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Orazio Gentileschi

March 2, 2011


St. Cecilia altarpiece

Orazio Gentileschi 1620.

Oil on canvas.

Pinacoteca di Brera, Milan.

Orazio Gentileschi was looking at many different artists while painting this altarpiece.  He incorporated Raphael’s grace, Caravaggio’s tenebrism, and Carracci color.

Gentileschi took Caravaggio’s naturalism in a different direction.  Instead of using street models, he used naturally beautiful models, one would assume they were hand picked for their appearance.  He was also interested in showing the human body as natural as possible in motion.

The dynamic circular and diagonal composition of this altarpiece resembles the work of the Carracci.  Together with Gentileschi’s color, this piece serves as an example of the influence contemporary artists had on each other.


St. Cecilia and the Angel

Orazio Gentileschi 1610.

Oil on canvas.

National Gallery, Washington D.C.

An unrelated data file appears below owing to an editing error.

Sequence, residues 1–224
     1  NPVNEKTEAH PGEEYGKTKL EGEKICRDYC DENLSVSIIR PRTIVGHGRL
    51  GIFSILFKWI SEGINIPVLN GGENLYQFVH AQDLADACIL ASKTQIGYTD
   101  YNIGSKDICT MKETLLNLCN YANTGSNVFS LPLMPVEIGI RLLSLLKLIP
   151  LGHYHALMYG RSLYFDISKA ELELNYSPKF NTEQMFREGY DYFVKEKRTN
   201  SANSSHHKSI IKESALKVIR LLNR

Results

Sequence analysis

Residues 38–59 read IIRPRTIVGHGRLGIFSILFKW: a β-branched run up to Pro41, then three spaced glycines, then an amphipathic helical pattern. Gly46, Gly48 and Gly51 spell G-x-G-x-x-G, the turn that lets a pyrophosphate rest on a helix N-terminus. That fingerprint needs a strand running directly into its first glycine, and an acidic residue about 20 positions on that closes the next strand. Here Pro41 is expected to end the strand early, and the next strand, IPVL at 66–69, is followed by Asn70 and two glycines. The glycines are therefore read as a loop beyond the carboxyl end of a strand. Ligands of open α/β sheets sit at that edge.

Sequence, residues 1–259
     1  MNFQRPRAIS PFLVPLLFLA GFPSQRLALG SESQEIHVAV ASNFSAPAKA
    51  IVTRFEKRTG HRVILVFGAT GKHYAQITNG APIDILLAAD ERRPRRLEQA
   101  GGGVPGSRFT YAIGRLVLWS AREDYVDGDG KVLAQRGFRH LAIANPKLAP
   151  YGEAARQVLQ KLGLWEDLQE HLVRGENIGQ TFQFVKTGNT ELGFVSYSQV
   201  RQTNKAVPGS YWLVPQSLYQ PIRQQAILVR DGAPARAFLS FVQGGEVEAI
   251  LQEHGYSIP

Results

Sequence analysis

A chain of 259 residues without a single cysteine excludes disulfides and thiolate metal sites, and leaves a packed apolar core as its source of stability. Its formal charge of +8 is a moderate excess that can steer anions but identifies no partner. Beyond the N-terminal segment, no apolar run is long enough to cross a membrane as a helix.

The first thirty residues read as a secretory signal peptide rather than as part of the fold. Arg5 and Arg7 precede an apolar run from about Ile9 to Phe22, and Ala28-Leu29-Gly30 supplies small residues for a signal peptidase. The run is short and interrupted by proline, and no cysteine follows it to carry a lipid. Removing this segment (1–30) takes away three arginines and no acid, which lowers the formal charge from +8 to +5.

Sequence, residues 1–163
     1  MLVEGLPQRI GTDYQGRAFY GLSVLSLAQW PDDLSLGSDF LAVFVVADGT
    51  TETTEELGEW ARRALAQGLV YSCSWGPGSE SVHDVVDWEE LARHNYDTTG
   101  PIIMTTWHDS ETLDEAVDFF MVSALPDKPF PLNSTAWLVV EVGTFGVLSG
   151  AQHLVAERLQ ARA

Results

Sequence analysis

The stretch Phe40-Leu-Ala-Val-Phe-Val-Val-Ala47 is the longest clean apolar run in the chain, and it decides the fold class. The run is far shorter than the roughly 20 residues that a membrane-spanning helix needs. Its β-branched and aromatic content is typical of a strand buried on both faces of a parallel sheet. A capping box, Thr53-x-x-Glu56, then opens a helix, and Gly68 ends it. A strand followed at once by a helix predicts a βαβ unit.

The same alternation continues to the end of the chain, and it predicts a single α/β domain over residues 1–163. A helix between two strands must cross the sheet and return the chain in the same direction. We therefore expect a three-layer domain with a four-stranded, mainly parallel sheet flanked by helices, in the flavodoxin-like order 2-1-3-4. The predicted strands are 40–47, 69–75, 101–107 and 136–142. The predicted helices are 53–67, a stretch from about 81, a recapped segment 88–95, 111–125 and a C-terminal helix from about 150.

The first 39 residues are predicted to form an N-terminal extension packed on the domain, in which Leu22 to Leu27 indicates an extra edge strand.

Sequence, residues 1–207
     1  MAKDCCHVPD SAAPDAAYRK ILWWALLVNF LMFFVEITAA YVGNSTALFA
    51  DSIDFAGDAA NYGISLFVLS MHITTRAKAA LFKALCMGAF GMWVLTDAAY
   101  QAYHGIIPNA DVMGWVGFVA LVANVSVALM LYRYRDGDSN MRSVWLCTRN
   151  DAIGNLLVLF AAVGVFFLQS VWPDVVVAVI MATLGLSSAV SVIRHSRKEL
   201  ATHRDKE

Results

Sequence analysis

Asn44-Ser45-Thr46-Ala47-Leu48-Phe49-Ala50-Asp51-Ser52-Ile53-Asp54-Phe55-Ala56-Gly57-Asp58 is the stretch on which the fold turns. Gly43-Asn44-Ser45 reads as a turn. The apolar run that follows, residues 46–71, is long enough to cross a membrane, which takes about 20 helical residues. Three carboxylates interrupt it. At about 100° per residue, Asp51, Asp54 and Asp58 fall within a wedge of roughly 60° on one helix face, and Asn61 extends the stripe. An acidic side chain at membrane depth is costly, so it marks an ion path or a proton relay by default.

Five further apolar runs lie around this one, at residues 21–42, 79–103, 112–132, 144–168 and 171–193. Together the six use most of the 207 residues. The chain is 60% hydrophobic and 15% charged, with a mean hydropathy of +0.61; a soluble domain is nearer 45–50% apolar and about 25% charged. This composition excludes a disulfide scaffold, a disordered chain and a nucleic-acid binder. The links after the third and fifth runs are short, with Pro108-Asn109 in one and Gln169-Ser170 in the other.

This devotional piece is much different than Gentileschi’s St. Cecilia altarpiece.  Unlike the altarpiece, it shows nothing of Cecilia’s sainthood.  He merely has depicted the saint as the patron of music.

Compared to the altarpiece, this smaller canvas resembles the style of Caravaggio much closer.  Since Cecilia is devoid of her saintly appearance, excepted for an angel, this picture is more like a genre scene than a religious.   Also, Gentilischi has combined Caravaggio’s later tenebrism and dark background with the genre scene.

Different from Caravaggio is Gentileschi’s color in St. Cecilia. Although lighting in the foreground is drastically different than the background, the figures are not dramatically high lit or shadowed, as Caravaggio’s figures would have been.  Gentileschi lights the scene with full color.  The saint wears a bright red dress, a dramatic hue Caravaggio did away with toward the end of his career.  Contrasting this pop of color is the angel’s blue gown.  The picture plane seems to be divided in half, earthly realm on one side, heavenly on the other (Duffy-Zeballos).

Duffy-Zeballos , Lisa. “Orazio Gentileschi’s St. Cecilia and an Angel.” Arch Facial Plast Surg. 2003;5(5):456  <;

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